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For Some, It's 'Try, Try Again...'

November 19, 2009

PORTLAND, Ore. - For the 16.3 percent of Oregonians who smoke cigarettes, New Year's Day comes a little early - on November 19. The annual Great American Smokeout offers a chance to quit, backed by a major national publicity campaign. If it takes more than that, Oregon has plenty of local resources.

Sherry Owen, coordinator of tobacco cessation and asthma programs for the American Lung Association of Oregon (ALA-Oregon), has been helping them scale that barrier for almost 30 years. In the Association's Freedom from Smoking program, she tells people that failing, then trying again, doesn't show weakness - it shows courage.

"Be proud that you are coming back to quit again. You can learn from those past practice quits. It can be a matter of six to 10 attempts for many, many people."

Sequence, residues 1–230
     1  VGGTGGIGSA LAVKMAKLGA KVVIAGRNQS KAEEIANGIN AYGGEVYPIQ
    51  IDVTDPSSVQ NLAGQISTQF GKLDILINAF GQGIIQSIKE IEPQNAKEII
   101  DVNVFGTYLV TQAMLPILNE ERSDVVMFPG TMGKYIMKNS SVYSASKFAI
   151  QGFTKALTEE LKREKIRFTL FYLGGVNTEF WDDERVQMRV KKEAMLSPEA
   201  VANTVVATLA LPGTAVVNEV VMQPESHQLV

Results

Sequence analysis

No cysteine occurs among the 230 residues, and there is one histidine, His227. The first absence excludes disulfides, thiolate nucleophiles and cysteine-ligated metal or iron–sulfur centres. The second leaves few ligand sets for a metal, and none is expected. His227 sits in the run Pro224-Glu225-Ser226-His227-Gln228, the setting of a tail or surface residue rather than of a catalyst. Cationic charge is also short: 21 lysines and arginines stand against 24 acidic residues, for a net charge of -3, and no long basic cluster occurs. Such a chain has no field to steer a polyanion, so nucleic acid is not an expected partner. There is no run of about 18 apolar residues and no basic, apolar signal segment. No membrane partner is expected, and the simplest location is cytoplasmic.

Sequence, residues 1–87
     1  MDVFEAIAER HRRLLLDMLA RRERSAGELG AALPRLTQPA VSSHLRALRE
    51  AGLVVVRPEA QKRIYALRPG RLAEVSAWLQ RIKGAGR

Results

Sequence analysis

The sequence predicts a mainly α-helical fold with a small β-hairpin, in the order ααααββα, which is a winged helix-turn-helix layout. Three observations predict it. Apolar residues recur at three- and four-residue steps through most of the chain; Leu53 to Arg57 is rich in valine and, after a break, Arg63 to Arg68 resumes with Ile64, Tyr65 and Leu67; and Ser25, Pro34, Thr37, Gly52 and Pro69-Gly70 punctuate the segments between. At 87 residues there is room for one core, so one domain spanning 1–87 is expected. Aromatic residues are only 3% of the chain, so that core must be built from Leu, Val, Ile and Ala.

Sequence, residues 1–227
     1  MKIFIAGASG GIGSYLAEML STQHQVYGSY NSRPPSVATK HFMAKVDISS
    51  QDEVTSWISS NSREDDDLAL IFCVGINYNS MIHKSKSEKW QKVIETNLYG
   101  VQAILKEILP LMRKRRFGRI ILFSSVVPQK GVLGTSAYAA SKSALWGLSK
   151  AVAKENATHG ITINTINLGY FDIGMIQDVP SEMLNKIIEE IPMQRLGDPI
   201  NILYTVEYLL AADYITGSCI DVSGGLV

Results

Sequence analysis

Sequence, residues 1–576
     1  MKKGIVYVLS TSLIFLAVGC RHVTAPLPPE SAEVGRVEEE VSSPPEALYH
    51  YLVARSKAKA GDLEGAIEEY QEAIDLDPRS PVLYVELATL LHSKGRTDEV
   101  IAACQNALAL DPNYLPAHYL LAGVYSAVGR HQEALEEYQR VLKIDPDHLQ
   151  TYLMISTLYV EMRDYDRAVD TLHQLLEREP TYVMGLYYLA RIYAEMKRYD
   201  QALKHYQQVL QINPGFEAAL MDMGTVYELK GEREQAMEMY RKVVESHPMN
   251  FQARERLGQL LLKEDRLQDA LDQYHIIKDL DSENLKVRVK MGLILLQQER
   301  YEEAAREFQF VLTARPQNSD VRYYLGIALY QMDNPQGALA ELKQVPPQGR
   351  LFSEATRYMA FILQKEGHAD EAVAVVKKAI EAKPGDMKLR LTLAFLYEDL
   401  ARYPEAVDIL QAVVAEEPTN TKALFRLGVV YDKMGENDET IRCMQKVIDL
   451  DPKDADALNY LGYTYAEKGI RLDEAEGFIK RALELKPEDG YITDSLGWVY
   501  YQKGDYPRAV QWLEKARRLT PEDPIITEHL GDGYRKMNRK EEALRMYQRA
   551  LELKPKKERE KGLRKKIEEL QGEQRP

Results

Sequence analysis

Owen says there are classes around the state and online, including a program just for teenage smokers, plus state-run Quitlines in English and Spanish, and more.

"Don't let anybody tell you there's only one way to quit smoking, because there are many, many ways. Some people can quit cold turkey, some people use medications. Quitting is a process, and it's a lifetime decision."

In the 28 years she's been a nurse and educator, Owen says public attitudes about smoking have changed so much that she worries people who don't smoke are too quick to judge those who have tobacco-related illnesses, or who are trying to quit. She says most folks don't realize how addictive tobacco is, and she hopes today's Smokeout prompts more understanding and support.

ALA-Oregon lists its own and other Oregon "quit" resources online at www.lungoregon.org/quit/index.htm. The national Quitline is 800-784-8669 (800-Quit-Now).

Chris Thomas, Public News Service - OR